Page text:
InfoQ eMag: Java 8
The release of Java 8 was considered a game changer for the Java platform. With new features like lambda expressions, streams, and the new Date and Time APIs, the Java 8 release demonstrates that a language can be modernized without compromising stability or backward compatibility.
In this eMag, InfoQ takes practitioners on a visit with Java 8, exploring how we got here and how we should be moving forward with it.
Contents of the Java 8 eMag include:
- Java 7 Features That Enable Java 8 - In this article, Ben Evans explores some features in Java 7 which lay the groundwork for the new features in Java 8.
- How Functional Is Java 8? - It's been said that Java 8 is bringing Functional Programming to Java. By looking at the evolution of Java - particularly its type system, we can see how the new features of Java 8, especially lambda expressions, change the landscape, and provide some key benefits of the functional programming style.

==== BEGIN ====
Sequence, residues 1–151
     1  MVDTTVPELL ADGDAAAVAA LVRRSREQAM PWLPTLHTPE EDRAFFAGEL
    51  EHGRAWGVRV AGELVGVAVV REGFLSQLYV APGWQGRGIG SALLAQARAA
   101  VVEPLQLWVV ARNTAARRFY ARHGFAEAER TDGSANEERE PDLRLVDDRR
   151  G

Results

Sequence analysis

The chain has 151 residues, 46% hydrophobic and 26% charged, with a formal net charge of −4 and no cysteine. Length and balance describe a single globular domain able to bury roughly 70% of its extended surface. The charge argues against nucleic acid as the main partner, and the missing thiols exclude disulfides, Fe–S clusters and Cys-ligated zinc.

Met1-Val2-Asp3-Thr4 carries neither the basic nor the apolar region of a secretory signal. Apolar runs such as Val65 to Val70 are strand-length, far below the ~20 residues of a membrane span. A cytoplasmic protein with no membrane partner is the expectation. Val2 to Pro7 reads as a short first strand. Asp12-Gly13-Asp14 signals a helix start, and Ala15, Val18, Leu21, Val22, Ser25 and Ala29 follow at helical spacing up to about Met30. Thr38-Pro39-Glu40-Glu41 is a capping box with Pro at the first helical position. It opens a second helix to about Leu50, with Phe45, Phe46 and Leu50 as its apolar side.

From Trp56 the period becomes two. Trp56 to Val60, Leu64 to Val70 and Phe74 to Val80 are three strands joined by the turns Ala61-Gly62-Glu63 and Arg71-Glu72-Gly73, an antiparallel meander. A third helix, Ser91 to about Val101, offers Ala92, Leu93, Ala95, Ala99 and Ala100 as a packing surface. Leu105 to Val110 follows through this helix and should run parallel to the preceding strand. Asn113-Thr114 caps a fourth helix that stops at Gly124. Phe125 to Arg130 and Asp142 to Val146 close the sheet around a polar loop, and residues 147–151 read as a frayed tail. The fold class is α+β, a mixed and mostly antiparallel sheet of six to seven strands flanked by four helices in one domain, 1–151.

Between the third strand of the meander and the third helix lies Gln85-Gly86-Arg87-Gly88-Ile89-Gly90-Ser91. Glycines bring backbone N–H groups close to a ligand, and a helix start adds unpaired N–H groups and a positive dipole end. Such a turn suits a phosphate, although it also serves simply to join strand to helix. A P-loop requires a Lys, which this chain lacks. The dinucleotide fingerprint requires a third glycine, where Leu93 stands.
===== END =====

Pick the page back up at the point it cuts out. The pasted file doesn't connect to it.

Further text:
- Clarifying Lambdas in Java 8 - Simon Ritter discusses the syntax and use of Lambda expressions, focusing on using Streams to greatly simplify the way bulk and aggregate operations are handled in Java.
- Intuitive, Robust Date and Time Handling Finally Comes to Java - Date and time are fundamental concepts to many applications, yet Java SE had no good API to handle them; until now! With Java SE 8, java.time provides a well-structured API to cover date and time. In this article, JSR-310 (Java Date and Time API's) spec-lead and Jodatime author Stephen Colbourne discusses the new API's as well as the background for Date and Time handling in Java 8.
- Type Annotations in Java 8: Tools and Opportunities - With Java 8, annotations can be written not only on declarations, but on any use of a type such as types in declarations, generics, and casts. This article introduces the new type annotation syntax and practical tools to boost productivity and build higher-quality software.
- Where Has the Java PermGen Gone? - Prior to JDK8 class metadata and constants would live in an area called the “permanent generation”, contiguous with the Java heap. One problem was that If the class metadata size is beyond the allocated bounds your app would run out of memory. With the advent of JDK8 we no longer have PermGen. The space where it was held has now moved to native memory to an area known as the “Metaspace”.
- Great Java 8 Features No One's Talking about - In this article Tal Weiss focuses on some lesser known API's in the new Java 8.
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